• Integrate tracts of food-producing lands throughout the design that can be gardened or farmed without excessive quantities of polluting machinery?
  • Provide guidelines to grow crops organically?
  • Offer methods to use solid and liquid wastes from the sustainable development as fertilizers?

10. Wastes. Does the property and management agreement regulations/guide lines:

  • Include on-site recycling centers?
  • Require separation of organic waste from other garbage?
  • Provide for a community tool and appliance sharing/renting center?
  • Allow only non-toxic, biodegradable and recyclable items to be sold within the development?
  • Provide for periodic collection of toxic materials?
  • Ensure the use of natural biological systems to treat sewage?

11. Education. Does the development/project design sales team:

  • Offer literature on all aspects of sustainable developments?
  • Offer “how-to” workshops on projects that enhance the sustainable community?
12. Miscellaneous. Do the regulations:
  • Impose noise limits on regularly-used equipment and ensure good sound insulation in closelyspaced units?
  • Permit clotheslines, solar collectors, and other items that reduce energy use?
  • Encourage the use of natural ponds and lakes a “swimming holes instead of an energy-and chemical-intensive swimming pool”?
  • Create a neighborhood association to help maintain the quality of development?


Scoring:

Record your score for each characteristic in the Score column, then multiply this score by the weight to get the weighed score. 5 Excellent! ! 4 Good! 3 Average! 2 Mediocre !1 Poor 0 Non-existent
The minimum weighted score points require for a viable permaculture design project/development is 400-420.


Characteristic                             Weight               Score             W/Score
Price                                               10
Water                                              10
Development ease                       10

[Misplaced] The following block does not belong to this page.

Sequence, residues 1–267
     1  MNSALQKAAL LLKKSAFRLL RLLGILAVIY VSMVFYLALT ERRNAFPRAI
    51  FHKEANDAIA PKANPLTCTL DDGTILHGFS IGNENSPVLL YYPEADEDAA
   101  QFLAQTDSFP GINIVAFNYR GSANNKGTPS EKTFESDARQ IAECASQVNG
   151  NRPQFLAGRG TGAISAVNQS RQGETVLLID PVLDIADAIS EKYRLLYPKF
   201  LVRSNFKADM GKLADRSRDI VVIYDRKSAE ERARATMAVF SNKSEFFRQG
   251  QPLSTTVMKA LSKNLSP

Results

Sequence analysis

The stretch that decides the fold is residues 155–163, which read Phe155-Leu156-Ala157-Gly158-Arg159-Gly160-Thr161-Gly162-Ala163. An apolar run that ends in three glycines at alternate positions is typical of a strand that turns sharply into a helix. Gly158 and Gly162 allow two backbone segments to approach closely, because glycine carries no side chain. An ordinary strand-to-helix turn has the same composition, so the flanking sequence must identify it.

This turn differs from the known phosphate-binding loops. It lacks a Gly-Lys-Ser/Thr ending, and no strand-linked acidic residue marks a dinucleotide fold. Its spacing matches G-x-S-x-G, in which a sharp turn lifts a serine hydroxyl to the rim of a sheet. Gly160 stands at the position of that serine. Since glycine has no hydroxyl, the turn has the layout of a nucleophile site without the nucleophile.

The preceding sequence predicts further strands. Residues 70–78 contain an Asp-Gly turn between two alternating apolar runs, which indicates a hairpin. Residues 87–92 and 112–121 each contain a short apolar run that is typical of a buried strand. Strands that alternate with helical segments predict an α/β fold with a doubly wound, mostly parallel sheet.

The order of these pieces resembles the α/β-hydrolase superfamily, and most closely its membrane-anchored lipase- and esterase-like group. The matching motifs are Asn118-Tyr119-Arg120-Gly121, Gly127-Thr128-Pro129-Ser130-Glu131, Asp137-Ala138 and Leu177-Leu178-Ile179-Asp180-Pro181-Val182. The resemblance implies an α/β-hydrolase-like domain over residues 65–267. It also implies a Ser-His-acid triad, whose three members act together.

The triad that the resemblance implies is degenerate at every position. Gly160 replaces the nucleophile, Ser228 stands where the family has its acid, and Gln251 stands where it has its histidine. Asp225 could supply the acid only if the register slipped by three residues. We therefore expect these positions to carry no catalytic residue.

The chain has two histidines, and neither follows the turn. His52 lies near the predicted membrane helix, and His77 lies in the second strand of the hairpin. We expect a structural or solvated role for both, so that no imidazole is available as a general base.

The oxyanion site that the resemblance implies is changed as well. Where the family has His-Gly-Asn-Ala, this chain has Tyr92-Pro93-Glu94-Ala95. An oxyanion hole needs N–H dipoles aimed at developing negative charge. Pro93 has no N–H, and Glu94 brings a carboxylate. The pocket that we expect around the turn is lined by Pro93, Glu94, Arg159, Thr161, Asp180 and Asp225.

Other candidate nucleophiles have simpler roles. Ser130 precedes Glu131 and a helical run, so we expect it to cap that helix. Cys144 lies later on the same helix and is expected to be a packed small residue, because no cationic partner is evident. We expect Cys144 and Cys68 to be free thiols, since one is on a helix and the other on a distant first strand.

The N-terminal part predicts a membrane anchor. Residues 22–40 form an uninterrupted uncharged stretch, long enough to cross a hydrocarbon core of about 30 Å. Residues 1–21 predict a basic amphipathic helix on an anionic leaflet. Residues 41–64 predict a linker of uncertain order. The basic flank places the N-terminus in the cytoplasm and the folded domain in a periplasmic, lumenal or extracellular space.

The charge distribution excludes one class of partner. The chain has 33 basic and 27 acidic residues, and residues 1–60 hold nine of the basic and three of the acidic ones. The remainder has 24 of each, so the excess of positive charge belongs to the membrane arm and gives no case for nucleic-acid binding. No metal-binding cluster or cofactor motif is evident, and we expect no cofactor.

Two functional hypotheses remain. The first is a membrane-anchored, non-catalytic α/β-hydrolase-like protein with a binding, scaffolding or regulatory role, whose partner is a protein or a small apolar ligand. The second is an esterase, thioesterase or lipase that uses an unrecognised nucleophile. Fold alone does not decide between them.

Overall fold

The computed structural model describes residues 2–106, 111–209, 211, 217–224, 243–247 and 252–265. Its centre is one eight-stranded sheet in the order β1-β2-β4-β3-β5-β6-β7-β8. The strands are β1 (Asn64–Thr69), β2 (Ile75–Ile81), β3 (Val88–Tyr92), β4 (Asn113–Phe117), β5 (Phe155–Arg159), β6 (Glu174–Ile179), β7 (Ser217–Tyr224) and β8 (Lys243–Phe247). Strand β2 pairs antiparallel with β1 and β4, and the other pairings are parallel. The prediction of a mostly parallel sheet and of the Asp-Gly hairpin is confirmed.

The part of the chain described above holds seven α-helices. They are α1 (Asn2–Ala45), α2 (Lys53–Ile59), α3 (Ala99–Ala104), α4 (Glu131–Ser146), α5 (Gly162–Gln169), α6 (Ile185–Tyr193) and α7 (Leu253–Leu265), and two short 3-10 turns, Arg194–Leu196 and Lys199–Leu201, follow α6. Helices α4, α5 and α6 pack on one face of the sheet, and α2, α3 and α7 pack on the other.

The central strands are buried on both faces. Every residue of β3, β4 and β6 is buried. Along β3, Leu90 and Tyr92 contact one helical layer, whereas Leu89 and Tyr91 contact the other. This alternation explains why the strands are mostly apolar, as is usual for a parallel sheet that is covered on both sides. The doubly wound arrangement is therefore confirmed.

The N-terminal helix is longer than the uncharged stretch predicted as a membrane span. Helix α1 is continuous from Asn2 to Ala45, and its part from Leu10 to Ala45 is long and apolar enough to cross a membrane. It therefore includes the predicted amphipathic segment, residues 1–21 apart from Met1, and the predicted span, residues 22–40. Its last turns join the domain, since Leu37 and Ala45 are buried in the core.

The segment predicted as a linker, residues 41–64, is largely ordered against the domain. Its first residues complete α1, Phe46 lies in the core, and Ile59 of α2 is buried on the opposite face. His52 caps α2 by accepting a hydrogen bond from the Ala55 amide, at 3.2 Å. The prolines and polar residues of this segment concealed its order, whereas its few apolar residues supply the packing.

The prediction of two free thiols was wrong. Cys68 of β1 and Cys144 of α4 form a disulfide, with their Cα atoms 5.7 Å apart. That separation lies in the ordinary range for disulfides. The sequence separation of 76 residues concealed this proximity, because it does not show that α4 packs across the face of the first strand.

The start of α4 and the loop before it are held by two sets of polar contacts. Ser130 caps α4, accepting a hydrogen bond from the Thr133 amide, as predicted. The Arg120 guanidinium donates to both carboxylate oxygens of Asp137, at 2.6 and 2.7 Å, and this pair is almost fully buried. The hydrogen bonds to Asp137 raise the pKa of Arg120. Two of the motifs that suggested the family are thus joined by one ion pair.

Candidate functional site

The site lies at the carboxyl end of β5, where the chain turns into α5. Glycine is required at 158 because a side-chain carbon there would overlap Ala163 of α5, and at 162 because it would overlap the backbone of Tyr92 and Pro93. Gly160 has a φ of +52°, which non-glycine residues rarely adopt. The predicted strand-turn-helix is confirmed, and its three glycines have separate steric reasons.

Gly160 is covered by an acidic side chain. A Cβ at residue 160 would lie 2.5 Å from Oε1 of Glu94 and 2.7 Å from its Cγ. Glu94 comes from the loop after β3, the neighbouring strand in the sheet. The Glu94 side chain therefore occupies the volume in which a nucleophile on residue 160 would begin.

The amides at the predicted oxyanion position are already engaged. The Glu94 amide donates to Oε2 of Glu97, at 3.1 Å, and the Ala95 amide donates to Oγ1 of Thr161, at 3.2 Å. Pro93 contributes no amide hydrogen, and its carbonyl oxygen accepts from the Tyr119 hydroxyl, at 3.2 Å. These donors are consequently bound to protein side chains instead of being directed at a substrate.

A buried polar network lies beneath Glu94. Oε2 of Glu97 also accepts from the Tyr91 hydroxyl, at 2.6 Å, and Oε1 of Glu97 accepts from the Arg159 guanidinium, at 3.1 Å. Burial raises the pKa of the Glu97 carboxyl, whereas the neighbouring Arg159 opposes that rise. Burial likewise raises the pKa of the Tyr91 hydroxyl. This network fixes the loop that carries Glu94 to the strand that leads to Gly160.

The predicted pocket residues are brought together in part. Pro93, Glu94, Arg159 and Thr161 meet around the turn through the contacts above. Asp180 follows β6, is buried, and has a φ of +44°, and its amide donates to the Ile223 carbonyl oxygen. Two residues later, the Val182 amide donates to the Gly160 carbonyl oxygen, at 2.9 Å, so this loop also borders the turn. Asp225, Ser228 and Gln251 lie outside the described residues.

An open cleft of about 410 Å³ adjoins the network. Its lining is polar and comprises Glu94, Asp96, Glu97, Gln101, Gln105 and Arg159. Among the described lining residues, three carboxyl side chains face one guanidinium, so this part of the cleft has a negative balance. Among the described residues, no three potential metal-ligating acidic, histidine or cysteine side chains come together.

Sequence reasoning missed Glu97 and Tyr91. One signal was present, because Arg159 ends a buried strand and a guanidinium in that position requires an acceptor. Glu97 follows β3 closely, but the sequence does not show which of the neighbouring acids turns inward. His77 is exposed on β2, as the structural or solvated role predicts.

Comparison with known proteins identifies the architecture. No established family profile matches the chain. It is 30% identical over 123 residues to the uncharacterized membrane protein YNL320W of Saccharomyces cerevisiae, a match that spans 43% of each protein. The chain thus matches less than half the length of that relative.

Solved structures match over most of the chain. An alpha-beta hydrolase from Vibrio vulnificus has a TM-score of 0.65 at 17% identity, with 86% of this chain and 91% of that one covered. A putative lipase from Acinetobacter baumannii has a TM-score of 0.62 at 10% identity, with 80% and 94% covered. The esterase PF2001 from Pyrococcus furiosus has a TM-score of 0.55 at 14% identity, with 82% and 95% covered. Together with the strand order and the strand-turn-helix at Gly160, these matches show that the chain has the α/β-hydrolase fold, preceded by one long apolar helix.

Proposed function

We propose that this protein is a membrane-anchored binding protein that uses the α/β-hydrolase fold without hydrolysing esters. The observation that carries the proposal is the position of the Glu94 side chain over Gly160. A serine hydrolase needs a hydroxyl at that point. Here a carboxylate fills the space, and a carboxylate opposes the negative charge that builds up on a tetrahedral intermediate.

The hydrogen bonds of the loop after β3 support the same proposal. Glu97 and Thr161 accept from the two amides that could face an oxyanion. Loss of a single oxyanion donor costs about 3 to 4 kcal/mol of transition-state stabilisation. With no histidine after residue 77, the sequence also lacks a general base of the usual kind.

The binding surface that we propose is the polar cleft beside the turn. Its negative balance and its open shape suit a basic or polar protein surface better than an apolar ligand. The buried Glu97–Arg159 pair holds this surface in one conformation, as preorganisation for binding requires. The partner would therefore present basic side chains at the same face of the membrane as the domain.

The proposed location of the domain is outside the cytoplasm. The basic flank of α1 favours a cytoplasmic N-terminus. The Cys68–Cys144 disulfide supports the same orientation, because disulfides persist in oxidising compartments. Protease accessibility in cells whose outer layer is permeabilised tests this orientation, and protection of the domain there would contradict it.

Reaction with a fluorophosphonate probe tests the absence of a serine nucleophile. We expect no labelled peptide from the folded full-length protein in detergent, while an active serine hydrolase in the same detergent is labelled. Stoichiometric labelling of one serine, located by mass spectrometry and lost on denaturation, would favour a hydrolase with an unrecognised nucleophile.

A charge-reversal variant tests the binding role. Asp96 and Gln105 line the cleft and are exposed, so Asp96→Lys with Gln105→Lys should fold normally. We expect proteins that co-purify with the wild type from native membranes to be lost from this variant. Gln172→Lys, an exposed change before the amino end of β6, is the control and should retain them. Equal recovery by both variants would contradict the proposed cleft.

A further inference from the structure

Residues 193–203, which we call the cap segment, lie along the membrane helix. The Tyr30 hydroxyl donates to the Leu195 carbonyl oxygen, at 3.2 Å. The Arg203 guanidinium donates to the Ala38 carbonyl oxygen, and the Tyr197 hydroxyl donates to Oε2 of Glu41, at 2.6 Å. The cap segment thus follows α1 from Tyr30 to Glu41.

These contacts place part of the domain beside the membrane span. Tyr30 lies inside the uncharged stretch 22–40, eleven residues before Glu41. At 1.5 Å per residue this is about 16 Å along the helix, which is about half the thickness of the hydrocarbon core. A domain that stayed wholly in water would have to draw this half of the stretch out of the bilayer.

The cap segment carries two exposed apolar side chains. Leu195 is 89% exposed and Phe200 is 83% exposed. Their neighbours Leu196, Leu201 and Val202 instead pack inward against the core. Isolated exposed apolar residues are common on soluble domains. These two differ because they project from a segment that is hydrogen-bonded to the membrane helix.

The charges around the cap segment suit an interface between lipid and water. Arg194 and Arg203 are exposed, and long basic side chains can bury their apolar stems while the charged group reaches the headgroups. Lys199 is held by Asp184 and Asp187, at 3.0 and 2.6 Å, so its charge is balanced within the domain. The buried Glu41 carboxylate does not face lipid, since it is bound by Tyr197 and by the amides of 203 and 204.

(include political ease)
Commercial suitability                   8
Percent utilization                          8
Aspect (Solar)                               8
Privacy                                           8
Natural resources-local                8
Electric power                               7
Access                                          7
Proximity to service facilities      7
Comfort (max/min temps)           7
Size                                               5
Soil suitability                               5
Character (personal taste)         5
Natural features (views)              5
Natural boundaries                     5
Wind (good and bad)                 4
Tree cover                                   4
TOTAL:

INGREDIENTS FOR COMMUNITY GLUE
LOVE
Bonding to each other
Bonding to the community
Clear aims of the group
Membership processes
Decisions making protocols
Tolerance and generosity
Forgiveness/ability to let go
Optimis
Attunement
Bonding to the land
Spiritual connectedness
Connections and relationships with the outside world
Structure and processes
Reflection and evaluation
Persistence
FUN!
Clear communication
Clear philosophy
Courage
Conflict
Self-acceptance
Safety and trust
Hope


4 comments:

  1. This is very helpful. I'm just starting a small permaculture venture within a larger complex of sustainable projects so I will draw on some of your ideas. Many thanks!

    ReplyDelete
  2. What is source of this checklist, Keith? Seems the way to score sections is missing.
    Ian in Dundas ON

    ReplyDelete
  3. Ian, Use your judgement and apply a score, 1-5, and multiply by the given weight:

    Scoring:
    Record your score for each characteristic in the Score column, then multiply this score by the weight to get the weighed score. 5 Excellent! ! 4 Good! 3 Average! 2 Mediocre !1 Poor 0 Non-existent
    The minimum weighted score points require for a viable permaculture design project/development is 400-420.
    This list is from our PDC playbook and, I'm sorry, I don't know the original source. I'll check with Peter and let you know.
    Hope you're well and your landscape's thriving.
    Keith

    ReplyDelete
  4. Got it. It was drawn from materials by Max Lindeger and modified by the teaching team Peter worked with at Earthaven.

    ReplyDelete